Pure, white snow brightens the area’s muddy palette as the trees appear greener, the grasses more yellow and the bushes more violet. The sparkling sky is a smooth gradient blended from cerulean to cobalt blue.

The forest is decorated with laced pine whose needle clumps collect drifts of plastered snow. The limber warriors are built to withstand the burden of heavy weight as they bend into impossible angles without breaking.

Making a trail through the park’s hard pack is a bear but the glorious scenery is worth the slog. The place is completely quiet except for the crunching of boots and the lively caws of a few hardy crows.

Springtime in the Rockies reinvigorates the soul while the summers are short and sweet. Fall is a magical time of year but there’s nothing in the mountains that compares to the beauty of snow.


Frozen foothills

Glistening, fresh powder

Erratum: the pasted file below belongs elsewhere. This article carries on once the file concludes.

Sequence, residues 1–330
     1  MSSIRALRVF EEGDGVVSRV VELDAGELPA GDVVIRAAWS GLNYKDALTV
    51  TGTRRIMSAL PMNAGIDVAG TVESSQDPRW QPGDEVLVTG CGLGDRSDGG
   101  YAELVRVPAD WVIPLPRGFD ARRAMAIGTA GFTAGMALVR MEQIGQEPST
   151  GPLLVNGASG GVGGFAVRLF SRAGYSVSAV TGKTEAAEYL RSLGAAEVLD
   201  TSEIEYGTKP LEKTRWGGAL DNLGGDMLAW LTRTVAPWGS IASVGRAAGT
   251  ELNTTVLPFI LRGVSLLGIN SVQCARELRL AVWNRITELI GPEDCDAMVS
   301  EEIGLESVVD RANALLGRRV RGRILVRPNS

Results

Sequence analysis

Winter wonderland

A brightened palette

Decorated with laced pine

Needle clumps collect snow

Limber pine are built to withstand weight

Glorious scenery

Saturday, January 12, 2019

Kountze Lake - Teeming with Waterfowl

Common Goldeneye

Kountze Lake is a man-made reservoir located in the middle of the city of Lakewood. During spring and summer, the central oasis is a hotbed of activity for both birds and animals but it seems to be busy this time of year too.

Upon entering the preserve, a vacant woodland was sparse with inhabitants save for a few fox squirrels. At the waterfront from out on the pier, the partially frozen pond was teeming with babbling waterfowl.